Organizational Leadership is a concept that is often banded around without really being understood. This type of leadership works for both the individual and the organization at the same time in order to maximize a company’s potential. The question for those who work in HR is how can we relate organizational leadership with the HR concepts we already know?
In a previous HR Jazzy article, we talked about how leadership is the ability to influence a group of people to follow you. We argued that a good leader requires a lot of charisma and articulation. Dana Griffin defines organizational leadership as “the ability to influence an entire organization to move in the direction of its goals”. Good leadership is about bringing a firm or team closer towards a defined set of objectives.
Aside from that, organizational leadership also looks at personal employee growth and wellbeing, which are both key parts of HR. You can’t be an effective leader if you don’t properly communicate with the people in your team. Being a good manager means you know how to capitalize on your team’s strengths and manage their weaknesses. It is about knowing when to be firm and when to offer support and guidance.
BizFluent states that organizational leadership has three components: direction setting, performance management, and change management. Direction setting is being able to have strategic planning sessions where employees are involved in the development of a strategy to achieve the company’s goals. Performance management involves continually monitoring a company’s overall performance. Change management on the other hand is knowing how and when to change processes when they aren’t working towards a company’s goals. The most important skill of an organizational leader is to understand how you can “manage change within the system without disrupting it”.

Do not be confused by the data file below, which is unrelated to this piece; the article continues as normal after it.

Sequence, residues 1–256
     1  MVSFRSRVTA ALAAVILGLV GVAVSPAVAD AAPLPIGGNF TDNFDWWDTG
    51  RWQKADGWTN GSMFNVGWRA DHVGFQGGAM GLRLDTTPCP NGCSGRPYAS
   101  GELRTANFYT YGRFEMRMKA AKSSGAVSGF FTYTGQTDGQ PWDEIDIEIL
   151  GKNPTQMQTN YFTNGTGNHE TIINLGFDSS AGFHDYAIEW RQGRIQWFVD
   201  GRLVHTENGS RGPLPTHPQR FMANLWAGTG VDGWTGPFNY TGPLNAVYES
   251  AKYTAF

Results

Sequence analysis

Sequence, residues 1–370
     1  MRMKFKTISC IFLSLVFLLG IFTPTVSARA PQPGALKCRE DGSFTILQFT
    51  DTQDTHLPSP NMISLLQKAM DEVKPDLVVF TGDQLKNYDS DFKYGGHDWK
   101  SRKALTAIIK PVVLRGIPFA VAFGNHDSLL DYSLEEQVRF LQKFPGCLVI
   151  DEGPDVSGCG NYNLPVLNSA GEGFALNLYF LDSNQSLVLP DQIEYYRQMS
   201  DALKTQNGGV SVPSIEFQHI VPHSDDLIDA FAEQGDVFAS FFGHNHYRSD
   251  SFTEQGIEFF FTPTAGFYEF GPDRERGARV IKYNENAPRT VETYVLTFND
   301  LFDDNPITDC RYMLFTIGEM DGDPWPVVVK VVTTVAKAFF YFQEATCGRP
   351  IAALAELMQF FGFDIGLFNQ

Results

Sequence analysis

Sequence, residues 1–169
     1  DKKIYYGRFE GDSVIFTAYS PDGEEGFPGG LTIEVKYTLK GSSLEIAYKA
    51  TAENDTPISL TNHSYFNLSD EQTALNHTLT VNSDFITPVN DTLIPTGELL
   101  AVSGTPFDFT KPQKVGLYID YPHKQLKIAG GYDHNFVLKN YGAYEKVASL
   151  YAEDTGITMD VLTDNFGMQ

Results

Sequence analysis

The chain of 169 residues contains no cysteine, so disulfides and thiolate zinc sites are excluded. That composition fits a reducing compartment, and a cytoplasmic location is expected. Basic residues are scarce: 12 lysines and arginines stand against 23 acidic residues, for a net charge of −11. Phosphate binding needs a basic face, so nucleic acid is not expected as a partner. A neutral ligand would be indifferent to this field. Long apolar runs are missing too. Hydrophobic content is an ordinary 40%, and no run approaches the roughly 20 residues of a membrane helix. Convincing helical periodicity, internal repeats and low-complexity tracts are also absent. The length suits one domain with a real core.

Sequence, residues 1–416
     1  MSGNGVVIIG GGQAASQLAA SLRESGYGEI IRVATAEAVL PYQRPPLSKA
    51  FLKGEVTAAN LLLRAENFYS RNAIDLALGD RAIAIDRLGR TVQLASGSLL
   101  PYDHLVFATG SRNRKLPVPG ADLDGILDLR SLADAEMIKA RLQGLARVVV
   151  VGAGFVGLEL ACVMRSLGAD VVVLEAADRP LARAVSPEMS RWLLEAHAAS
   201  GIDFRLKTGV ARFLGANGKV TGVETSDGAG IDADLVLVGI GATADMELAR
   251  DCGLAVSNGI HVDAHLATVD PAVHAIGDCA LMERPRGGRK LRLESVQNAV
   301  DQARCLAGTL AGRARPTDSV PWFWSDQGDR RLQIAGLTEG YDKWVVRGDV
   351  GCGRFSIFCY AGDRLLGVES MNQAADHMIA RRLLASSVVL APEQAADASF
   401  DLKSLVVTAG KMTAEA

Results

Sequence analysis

Many people often interchange organizational leadership with HR. Although they do go hand-in-hand, they are two different concepts. Organizational leadership looks at the management of the whole firm, while human resources relate more to human capital strategy. Human capital strategy is defined as the administrative tasks related to employee recruitment and retention such as hiring, training and mentoring.
While HR and organizational leadership are different, they go together in making sure that the people in a company are working at their best. For example, organizational leadership helps you in understanding how your company works, which will help decide the best type of person to hire in order to complement your team’s strengths and weaknesses. Often an employee who is performing poorly shouldn’t have been hired in the first place.
Organizational leaders are able to bring out the human side of companies by merging traditional HR, leadership, and business functions with modern leadership trends learnt at university and business schools. This is having a knock-on effect on where graduates who specialize in this type of leadership work. Maryville University detail how the job prospects for organizational leadership graduates going into HR is experiencing a growth of 9%. This shows how companies are reacting to the demand for leaders who can lead at both an individual and company level. Organizational leaders are able to fulfill different roles within HR departments, and can become management analysts, training and development managers, and even compensation and benefits managers — all very useful and lucrative roles that will help a business thrive.
Being an organizational leader in the HR field will help in understanding how traditional HR processes contribute to overall company goals. Whether you are a recruiter or a compensation analyst, organizational leadership is a skill essential to succeeding in any HR role.
Article exclusively written for hrjazzy.blog
By Maggie Grace
All Images from Pixabay